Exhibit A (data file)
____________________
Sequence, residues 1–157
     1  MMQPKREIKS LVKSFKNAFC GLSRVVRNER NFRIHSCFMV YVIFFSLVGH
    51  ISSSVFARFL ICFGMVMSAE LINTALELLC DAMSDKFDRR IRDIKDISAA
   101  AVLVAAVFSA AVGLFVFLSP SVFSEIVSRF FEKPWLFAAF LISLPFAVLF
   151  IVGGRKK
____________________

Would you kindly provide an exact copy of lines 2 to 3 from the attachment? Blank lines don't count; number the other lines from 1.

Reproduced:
     1  MMQPKREIKS LVKSFKNAFC GLSRVVRNER NFRIHSCFMV YVIFFSLVGH
    51  ISSSVFARFL ICFGMVMSAE LINTALELLC DAMSDKFDRR IRDIKDISAA